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About fantastic_four

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    Just far far too long without a custom title. Really. Seriously
  • Birthday 03/03/1971

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  1. So I guess there are a few ways to take Todd Phillips's comments about the final scene of the film: You could discount his comments and take the film at face value. Given that it was demonstrated several times that on-screen events were told from his perspective and not true such as his relationship with Zazie Beetz or that scene where Robert DeNiro's character brought him up on stage from the audience, this likely isn't the way to think of the film. You could take his comments to mean that EVERYTHING in the film was a product of the Joker's imagination. That's the kind of film that pisses everyone off, however, so I doubt that this is it. You could take his comments to mean that most things in the film happened somewhat like they're shown on-screen, but that the Joker has warped most or all of them to paint his past in some semi-random way that amuses him. If it's the third possibility I'm not sure there's much value in talking about how likely it is that his mother could have adopted him, whether or not Thomas Wayne is his father, or anything else, really, because we can't take anything the film showed at face value. Maybe he never did murder that clown colleague or the talk show host, or maybe he never saw Bruce Wayne as a pre-teen and just completely inserted that memory into his tale of himself, who knows. Phillips specifically referred to these panels from Moore's "Killing Joke" in that interview, so this is probably the way to interpret the film:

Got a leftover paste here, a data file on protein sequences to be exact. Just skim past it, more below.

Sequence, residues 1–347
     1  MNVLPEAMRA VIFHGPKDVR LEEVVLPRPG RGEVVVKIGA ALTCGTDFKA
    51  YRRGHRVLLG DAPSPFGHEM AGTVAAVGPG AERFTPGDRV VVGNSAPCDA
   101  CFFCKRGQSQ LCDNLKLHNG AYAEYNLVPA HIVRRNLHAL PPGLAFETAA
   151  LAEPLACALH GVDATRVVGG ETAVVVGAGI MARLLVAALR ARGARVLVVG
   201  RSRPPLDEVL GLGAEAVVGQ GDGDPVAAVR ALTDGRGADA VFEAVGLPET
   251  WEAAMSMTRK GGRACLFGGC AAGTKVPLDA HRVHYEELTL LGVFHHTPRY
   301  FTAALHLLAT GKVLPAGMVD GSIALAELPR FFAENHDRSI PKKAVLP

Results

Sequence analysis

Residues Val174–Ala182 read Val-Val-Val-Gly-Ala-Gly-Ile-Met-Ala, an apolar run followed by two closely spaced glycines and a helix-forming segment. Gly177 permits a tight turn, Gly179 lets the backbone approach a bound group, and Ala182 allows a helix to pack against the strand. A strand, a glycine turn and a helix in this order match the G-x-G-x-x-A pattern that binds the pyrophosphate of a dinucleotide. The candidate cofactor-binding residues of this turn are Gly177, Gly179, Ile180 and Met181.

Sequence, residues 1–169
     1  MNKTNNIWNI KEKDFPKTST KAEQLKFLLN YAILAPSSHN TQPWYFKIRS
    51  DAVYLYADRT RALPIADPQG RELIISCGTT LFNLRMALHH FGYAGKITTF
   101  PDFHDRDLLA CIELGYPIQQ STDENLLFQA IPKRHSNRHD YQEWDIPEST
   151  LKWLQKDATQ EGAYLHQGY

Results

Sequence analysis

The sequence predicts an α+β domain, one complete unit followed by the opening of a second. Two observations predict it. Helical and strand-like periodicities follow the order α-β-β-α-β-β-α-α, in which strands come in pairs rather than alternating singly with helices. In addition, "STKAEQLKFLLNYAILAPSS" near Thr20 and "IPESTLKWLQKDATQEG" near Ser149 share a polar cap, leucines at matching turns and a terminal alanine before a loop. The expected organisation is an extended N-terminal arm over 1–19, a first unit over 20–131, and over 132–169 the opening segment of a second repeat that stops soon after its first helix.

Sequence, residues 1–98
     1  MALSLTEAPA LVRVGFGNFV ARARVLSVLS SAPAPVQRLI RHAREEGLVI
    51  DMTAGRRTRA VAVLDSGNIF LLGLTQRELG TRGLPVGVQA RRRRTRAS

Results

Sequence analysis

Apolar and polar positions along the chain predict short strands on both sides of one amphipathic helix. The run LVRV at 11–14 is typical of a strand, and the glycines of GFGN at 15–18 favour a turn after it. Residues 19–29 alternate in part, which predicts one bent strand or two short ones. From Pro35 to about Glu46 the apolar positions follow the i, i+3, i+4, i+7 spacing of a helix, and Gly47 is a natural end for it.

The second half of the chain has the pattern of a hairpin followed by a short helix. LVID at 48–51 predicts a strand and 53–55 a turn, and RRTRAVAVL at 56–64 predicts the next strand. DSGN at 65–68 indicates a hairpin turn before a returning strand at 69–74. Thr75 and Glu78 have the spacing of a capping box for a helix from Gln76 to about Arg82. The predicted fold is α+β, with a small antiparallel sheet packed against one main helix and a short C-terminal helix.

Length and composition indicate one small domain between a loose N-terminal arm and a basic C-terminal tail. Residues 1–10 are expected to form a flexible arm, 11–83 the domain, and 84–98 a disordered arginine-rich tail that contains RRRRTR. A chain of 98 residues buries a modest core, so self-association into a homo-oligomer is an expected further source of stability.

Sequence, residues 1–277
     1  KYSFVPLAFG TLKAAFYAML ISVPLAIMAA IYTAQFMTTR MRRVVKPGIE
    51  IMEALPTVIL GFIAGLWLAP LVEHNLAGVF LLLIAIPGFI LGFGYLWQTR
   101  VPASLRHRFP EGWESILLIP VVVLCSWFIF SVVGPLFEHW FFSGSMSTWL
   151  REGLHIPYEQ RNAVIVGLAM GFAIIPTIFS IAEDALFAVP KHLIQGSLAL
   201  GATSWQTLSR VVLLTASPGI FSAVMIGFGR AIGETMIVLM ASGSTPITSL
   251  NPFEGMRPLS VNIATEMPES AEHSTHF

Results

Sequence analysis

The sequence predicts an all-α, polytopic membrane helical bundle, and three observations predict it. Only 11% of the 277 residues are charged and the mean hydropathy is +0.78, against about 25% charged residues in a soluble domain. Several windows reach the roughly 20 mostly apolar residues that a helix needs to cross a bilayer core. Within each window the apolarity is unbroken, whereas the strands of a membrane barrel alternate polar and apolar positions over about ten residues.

2. Fleck is the protagonist of the film. Protagonists don't have to be heros, just the central character. Merriam-Webster is the oldest and most widely-accepted dictionary, and it doesn't use heroism as a part of any of its connotations of the word: He's certainly not heroic, but a fringe of people will look at him that way. Many mass killers consider previous mass killers heroes. I find it difficult to imagine anyone thinking of him as anything approaching heroic; he seemed mostly pathetic to me. But I'm sure a small minority will find him appealing. Ledger's Joker probably has a wider appeal as a hero since he's a far more polished and capable version of the character than Phoenix's Joker is.
  3. What? That's just him giving his hypothesis. By the "what" above wasn't meant pejoratively, it was meant specifically as a question. As in "what are you amazed at," not as in "PREPOSTEROUS!" Just a question mark at the end with no implied exclamation points to go along with it.
  4. Argh...maybe so, good point. So was the ENTIRE movie a back story that he has manufactured for himself?
  5. I'm a huge fan of Stan, but an action figure of him seems weird. He'd make a good random person in a display for heroes to save, I suppose, which is the same way he was often used during his dozens of film cameos.